'I didn't think straight', says Zephany Nurse accused

Photo_Web_Zephany_Nurse_290216

The trial of the woman accused of abducting Zephany Nurse 19 years ago continues in court on Monday.

CAPE TOWN - The woman accused of  kidnapping Zephany Nurse admitted to the Western Cape High Court on Monday that she lied to her family and her partner about a miscarriage she had in December 1996.

The Lavender Hill woman, who cannot be named to protect the identity of Zephany Nurse, who is now known by the name given to her by the accused, was being cross-examined in a trial that has made international headlines.

State prosecutor Evadne Kortje put it to the woman that she had “created the impression” that she was still pregnant despite a doctor confirming a miscarriage in December 1996.

The accused admitted that she had not told her partner, or her siblings who lived with her, that she had miscarried.

“I didn’t think straight at that time,” she said

She further told the court that she had visited a doctor at Tygerberg Hospital when she miscarried, and then again in January 1997.

According to the accused, she met a woman called Sylvia who offered to help her with her fertility problems or with an adoption process. When she met Sylvia for the second time she gave her R800 as a deposit for a fertility programme that was to cost R3,000. She was given five tablets, she testified.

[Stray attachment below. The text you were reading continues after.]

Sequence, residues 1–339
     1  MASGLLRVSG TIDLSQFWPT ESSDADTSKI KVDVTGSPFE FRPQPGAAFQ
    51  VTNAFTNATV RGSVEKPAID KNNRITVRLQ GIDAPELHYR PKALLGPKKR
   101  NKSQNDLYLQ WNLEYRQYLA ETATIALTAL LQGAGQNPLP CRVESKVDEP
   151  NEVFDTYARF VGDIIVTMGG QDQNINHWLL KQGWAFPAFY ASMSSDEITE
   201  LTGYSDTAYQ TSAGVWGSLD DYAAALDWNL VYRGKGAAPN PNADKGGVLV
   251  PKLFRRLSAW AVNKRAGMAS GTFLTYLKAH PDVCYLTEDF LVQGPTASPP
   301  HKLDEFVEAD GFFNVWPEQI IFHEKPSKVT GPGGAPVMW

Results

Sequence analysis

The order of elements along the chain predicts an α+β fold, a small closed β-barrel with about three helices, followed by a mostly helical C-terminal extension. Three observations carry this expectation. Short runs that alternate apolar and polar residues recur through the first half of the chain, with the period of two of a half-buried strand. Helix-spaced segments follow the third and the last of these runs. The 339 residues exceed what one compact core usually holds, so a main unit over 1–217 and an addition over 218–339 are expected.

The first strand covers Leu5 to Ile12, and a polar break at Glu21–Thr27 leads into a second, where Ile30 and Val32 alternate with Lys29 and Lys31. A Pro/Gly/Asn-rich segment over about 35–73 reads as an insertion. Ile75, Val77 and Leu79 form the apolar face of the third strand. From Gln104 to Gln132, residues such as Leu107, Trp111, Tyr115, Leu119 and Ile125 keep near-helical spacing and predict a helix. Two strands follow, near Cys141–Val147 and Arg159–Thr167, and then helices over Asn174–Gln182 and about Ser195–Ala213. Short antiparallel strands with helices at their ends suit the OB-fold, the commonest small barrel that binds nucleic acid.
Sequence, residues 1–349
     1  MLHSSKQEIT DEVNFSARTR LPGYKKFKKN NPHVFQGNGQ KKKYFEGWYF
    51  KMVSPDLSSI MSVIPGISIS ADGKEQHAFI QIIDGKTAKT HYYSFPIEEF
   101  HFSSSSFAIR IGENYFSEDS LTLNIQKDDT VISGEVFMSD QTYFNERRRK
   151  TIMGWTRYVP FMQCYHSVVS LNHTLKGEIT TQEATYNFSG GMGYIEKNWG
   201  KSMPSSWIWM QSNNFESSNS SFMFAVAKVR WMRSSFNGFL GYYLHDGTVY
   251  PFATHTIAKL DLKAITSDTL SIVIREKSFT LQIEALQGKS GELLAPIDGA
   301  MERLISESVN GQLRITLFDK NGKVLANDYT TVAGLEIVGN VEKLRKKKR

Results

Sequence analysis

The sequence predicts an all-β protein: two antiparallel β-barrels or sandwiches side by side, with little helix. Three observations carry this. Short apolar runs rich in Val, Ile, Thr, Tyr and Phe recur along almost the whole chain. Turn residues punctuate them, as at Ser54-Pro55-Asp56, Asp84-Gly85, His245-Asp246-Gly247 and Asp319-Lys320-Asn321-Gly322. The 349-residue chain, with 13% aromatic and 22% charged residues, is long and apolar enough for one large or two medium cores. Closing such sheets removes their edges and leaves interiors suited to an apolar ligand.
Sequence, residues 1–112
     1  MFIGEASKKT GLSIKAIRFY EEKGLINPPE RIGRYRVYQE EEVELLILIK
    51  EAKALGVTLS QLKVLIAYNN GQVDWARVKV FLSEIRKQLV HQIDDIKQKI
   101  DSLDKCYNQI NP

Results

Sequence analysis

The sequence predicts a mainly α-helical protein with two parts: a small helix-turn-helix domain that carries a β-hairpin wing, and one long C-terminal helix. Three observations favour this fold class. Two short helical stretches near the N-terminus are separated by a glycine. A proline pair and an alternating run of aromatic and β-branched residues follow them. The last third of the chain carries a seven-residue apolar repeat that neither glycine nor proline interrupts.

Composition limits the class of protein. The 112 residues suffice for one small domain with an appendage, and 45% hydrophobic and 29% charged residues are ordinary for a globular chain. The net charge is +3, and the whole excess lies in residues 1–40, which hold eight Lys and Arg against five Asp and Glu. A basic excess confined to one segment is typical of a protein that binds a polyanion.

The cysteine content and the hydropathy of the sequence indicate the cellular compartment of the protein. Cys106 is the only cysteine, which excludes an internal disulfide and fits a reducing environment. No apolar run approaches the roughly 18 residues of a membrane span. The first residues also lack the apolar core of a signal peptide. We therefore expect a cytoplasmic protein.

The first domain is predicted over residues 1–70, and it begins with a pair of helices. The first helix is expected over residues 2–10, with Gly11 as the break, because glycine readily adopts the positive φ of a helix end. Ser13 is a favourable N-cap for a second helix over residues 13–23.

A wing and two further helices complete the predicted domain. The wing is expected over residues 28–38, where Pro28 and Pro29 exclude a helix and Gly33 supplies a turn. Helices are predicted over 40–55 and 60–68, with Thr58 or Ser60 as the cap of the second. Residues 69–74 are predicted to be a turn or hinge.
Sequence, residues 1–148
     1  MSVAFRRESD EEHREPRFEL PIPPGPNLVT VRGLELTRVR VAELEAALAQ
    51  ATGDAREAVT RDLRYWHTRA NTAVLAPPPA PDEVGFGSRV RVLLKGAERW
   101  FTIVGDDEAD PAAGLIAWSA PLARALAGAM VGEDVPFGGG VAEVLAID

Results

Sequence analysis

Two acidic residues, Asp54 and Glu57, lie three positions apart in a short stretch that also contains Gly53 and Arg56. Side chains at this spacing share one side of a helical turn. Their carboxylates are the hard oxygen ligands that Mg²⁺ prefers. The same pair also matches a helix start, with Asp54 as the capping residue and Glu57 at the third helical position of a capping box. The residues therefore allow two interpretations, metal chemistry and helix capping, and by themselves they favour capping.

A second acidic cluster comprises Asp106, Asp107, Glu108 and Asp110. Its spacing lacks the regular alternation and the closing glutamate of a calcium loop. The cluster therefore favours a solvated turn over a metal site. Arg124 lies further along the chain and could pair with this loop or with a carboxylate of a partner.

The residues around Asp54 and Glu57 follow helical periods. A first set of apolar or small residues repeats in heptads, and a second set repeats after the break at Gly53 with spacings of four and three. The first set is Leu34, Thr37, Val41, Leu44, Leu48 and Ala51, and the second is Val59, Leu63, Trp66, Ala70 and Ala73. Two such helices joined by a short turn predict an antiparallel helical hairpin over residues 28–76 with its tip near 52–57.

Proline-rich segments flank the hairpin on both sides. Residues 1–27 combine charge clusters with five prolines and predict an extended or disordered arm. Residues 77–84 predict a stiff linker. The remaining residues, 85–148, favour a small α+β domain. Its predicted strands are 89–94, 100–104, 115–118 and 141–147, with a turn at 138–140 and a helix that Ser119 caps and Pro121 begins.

Prosecutor Evadne Kortje was incredulous: “You were given tablets for five days? Five tablets for R800 in 1997?”

The accused said she could not recall Sylvia’s surname and no longer had her telephone number.

The business card that she had been given simply had Sylvia’s name, the word "Fertility", and Sylvia’s landline number. The accused said the phone number had also been “lost somehow”.

At one point, the accused burst out: “It’s not in my nature to steal children.”

The prosecutor said “We are not there yet” and returned to the issue of her having lied to her family about her pregnancy.

The accused said she had not discussed her pregnancy with her partner at all in the almost five months before she brought Zephany home.

She told the court that she did not buy any baby clothes after her miscarriage in December.

The prosecutor asked how her family could have believed she was pregnant when she wasn’t, and she insisted they had simply assumed she was pregnant.

“My stomach was still there. I was fat.”

She told the court that she had believed the tablets she was given would help her fall pregnant again.

But the prosecutor asked: “You would have been four months behind now in your pregnancy, how are you going to fix that?”

The accused replied: “I was fat at the time”.

The public gallery was packed with members of the Nurse family, many of whom were wearing specially designed red T-shirts. The words “If God is for us who can be against us” were emblazoned on the back of the shirts, as well as “Justice will prevail”.

Nurse was abducted from her mother’s bedside at Groote Schuur Hospital almost two decades ago and only a twist of fate led to the discovery of her real identity.

The discovery was made in February last year when her biological sister started high school at the same school as her.

Classmates noticed their striking resemblance, and when the younger sister told her father, Morne Nurse, he began his own investigation.

His suspicions that the matric teenager was his long-lost daughter were confirmed when the Hawks investigated and DNA tests confirmed that she was the biological daughter of Celeste and Morne Nurse.